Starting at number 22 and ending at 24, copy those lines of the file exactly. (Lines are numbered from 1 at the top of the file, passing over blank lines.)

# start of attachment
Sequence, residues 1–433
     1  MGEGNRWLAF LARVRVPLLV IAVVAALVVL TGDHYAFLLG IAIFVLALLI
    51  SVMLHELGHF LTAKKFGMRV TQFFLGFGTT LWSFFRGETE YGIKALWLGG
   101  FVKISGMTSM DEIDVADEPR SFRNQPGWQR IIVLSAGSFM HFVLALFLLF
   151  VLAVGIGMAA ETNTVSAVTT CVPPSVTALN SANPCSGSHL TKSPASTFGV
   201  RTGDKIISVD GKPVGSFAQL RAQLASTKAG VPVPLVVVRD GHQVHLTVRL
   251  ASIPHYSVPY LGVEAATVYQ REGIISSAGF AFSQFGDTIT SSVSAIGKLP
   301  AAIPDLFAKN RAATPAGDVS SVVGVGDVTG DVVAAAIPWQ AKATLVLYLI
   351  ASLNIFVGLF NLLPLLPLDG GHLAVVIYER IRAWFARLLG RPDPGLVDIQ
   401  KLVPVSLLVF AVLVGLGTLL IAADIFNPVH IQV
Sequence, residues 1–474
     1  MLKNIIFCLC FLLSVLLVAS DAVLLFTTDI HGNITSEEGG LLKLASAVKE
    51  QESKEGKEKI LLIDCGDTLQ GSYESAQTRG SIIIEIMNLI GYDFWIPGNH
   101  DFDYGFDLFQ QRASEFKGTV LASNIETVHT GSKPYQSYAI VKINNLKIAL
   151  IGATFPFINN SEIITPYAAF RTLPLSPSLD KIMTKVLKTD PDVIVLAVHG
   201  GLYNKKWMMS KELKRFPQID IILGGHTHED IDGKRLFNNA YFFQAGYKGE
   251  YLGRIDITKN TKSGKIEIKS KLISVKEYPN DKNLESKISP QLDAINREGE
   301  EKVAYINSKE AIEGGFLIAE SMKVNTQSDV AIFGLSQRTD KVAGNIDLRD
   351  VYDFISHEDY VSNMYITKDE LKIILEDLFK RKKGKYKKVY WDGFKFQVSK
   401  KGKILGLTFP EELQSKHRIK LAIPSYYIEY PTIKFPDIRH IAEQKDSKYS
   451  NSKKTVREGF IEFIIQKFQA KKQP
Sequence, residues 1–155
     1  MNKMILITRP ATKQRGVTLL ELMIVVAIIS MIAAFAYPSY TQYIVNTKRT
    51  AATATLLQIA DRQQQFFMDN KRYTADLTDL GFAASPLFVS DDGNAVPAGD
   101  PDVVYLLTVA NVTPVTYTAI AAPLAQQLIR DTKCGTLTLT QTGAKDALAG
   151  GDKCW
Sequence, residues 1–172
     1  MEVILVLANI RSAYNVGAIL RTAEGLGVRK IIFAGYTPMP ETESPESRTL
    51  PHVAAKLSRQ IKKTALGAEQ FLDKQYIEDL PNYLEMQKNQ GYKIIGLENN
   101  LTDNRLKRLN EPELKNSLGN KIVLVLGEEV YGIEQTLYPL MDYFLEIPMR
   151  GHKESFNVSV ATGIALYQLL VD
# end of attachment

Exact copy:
Sequence, residues 1–155
     1  MNKMILITRP ATKQRGVTLL ELMIVVAIIS MIAAFAYPSY TQYIVNTKRT
    51  AATATLLQIA DRQQQFFMDN KRYTADLTDL GFAASPLFVS DDGNAVPAGD